The event organizers were nice enough to let us bring our cars out on course, which was an absolute godsend given that 1- they weren’t sure if it was going to start raining mid day; 2 – I had to move to a new jumps area every division; 3 – I wanted to have my cooler with me. I have been REALLY in control of my diet for the last month and a half, and I didn’t want to rely on the (totally generous and awesome) volunteer lunches.

First up was Prelim, and I got to sit at a nice, straight forward jump, fairly early in the course (jump 6). It even looked mostly jump-able to me! So you know it was friendly for Prelim. There were (unsurprisingly) no issues at this fence.

Next up was Training, where one of my barn mates was taking on her First Training Horse Trial!!! (not going to lie, this was part of the reason I was volunteering). She let me share her go-pro video with everyone, so enjoy! You can see how much support she had from the various non-go-pro videos sprinkled throughout. It was truly awesome!

Needless to say, she did a great job and was clear but not everyone was as lucky at my fence. The longish grass, combined with the downhill approach and even more downhill landing, caused a couple of refusals and one girl to retire. It was a new jump to the course, so I’m not even sure most local people had ridden over it yet. Either way, Training ended up being the SECOND most-interest jump judging division for me.

At both Novice and BN, I had the first jump of a line of jumps that were basically a stretched out coffin question. Novice had zero issues, and BN only saw one refusal at the ditch. I think most horses actually benefited from being able to get their eye on something before and after the ditches.

Starter was just a baby roll top next to the Novice and BN jumps I just judged. It actually caused the most problems out of any of the jumps I judged that day. I saw a couple of run outs and even one poor rider who completely forgot about the jump previously. My day ended up ending right before 6PM, so long, but I got so much out of it.

Overall, it was a great day, where the temps hovered about 80 degrees and the sun stayed mostly behind the clouds. Although, I did get a RIDICULOUS sock tan… so no skirts or dresses for me at work this week. (COME ON FALL – MAMA NEEDS TIGHTS) And… I found that I really didn’t think the Novice XC course was unattainable for me. Show Jumping needs a ton of work for us to get there (or even to get back in the ring at BN), but it really gave me the bug to get out and at least school XC again soon.

How about you? Do you enjoy volunteering/jump judging?

Random Updates

The heat really broke in KY this week, and we have gotten the first SWEET taste of fall. While the days are still warming up to the mid-80s, the humidity  has fallen and the mornings and nights are cool and comfortable. Even the horses are feeling the change as their fuzzy coats start to peek through their slick summer ones.

I took full advantage of this on Tuesday, when the lack of sun kept temperatures comfortably in the 70’s all day. When I arrived to the barn, a couple of the girls (women? ladies?) were tacking up for a trail ride. I quickly threw a saddle and hoof boots on May and joined them.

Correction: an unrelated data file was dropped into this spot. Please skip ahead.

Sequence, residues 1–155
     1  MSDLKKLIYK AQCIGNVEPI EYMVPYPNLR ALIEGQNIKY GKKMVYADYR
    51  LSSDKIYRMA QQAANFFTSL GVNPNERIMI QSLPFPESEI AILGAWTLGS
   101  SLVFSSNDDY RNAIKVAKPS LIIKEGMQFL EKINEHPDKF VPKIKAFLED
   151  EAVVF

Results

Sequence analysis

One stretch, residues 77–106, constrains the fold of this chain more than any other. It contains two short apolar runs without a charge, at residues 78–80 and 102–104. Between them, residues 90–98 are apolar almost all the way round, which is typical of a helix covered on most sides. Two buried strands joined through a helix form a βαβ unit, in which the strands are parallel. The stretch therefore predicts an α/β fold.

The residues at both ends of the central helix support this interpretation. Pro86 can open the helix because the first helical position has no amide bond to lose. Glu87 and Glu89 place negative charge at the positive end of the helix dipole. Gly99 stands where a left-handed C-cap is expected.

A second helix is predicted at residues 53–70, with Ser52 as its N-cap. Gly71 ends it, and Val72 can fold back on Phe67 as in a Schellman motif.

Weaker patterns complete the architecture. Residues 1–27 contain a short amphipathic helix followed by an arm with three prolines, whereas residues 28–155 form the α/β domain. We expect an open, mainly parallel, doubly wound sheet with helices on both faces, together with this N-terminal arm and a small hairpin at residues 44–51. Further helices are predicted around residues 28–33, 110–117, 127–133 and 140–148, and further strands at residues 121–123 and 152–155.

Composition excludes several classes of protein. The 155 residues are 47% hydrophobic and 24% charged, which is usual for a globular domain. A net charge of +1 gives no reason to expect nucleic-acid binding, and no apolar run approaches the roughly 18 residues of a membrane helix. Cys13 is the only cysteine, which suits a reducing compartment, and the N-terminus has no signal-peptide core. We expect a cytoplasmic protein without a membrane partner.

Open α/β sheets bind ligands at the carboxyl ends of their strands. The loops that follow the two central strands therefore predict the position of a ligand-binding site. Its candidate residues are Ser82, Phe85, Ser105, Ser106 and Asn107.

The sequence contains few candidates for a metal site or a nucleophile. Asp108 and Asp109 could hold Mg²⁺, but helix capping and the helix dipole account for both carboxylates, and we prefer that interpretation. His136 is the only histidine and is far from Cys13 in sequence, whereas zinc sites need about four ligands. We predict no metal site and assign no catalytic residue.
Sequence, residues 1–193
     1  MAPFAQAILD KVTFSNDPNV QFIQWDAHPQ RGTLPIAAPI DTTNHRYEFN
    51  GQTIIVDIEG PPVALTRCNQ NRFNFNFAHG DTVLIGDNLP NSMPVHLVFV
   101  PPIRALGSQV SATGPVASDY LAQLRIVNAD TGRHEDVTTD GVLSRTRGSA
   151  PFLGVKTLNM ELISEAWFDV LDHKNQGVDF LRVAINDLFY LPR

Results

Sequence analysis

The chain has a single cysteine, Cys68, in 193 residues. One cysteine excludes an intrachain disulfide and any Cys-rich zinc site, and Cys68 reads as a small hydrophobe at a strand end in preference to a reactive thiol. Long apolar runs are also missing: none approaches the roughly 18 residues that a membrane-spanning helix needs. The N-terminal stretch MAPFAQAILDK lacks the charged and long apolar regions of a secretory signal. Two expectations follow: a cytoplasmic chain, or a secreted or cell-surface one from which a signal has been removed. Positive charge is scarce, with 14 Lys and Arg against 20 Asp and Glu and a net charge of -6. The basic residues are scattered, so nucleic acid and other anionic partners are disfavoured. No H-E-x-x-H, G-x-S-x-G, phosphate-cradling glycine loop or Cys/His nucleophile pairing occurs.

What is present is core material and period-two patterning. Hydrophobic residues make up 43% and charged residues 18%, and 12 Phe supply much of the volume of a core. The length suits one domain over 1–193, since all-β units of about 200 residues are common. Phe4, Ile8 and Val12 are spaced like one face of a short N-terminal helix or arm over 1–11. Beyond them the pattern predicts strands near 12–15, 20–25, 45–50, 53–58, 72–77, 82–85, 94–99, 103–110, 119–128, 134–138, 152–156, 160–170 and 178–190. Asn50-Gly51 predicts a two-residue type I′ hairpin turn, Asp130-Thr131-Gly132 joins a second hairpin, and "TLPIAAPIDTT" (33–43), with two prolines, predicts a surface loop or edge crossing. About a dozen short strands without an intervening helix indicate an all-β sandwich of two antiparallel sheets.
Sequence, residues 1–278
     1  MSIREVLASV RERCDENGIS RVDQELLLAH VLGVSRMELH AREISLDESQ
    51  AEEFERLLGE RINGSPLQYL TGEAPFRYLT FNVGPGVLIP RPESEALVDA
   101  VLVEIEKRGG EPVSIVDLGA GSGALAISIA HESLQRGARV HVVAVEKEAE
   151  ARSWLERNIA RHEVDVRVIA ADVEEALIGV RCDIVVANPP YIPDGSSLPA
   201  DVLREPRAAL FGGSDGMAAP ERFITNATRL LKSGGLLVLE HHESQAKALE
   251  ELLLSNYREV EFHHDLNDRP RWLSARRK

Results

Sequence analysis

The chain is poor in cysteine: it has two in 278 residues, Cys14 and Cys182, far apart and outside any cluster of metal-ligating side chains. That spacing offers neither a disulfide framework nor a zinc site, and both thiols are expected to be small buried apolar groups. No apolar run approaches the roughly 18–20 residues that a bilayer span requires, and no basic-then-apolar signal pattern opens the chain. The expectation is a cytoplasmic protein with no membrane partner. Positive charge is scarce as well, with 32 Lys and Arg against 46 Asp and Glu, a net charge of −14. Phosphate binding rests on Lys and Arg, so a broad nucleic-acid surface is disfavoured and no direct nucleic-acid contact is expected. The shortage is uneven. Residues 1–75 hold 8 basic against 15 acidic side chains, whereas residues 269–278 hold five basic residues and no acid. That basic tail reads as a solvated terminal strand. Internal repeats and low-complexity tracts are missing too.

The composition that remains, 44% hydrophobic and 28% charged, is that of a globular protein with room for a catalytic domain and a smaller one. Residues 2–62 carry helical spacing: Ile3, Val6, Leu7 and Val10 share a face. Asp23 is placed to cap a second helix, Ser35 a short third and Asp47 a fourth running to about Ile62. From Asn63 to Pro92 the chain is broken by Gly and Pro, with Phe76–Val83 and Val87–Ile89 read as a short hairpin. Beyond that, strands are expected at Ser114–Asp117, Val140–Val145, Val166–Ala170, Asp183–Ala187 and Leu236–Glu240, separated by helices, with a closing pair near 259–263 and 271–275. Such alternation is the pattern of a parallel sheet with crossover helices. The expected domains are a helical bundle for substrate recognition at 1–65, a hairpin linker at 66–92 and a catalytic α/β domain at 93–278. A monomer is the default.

Not sure I will ever get over how beautiful KY is. The grass here is LITERALLY greener than anywhere else I have ever called home. hahaha.

As for May’s feet, they’re doing really well. Excuse the durasole peaking through in these pics, but I think this will give you an idea of where things stand. Last night, it was starting to become apparent that the sole was starting to really adjust and become concave, while the hoof wall was starting to take on more of the weight of the foot.

Take a peek at that rock hard back foot hahaha. Fingers crossed the front feet turn into that over time. 
Not bad for 1 week post shoe-pull. 

The white line has dried out, and the spreading/cracking seems to have completely subsided. She is very comfortable on grass and soft surfaces without boots, so she has been as happy as always in her turnout. However, she does still get a touch sore on gravel, pavement, and hard packed dirt. (hence the hoof boots for our trail ride). Fingers crossed that things continue to go well. If it starts to look like we are going to have a wet fall/winter, I might invest in some keratex hoof gel. Let me know if you have ever used it!

This weekend will be full of horses, but probably not very full of May. Flying Cross Farm is having their annual recognized horse trail this weekend, which also includes the University of Louisville’s collegiate team challenge. They are running Starter – Prelim, and I know at least one person in almost every division. Being a good member of the eventing community, I will be jump judging for XC on Sunday. (Probably going to be a 7AM – 7PM job!)

Check Out USEA Events A-Z: Flying Cross Farm Horse Trials to learn more about this cool event.

How about you? Any fun plans for the weekend?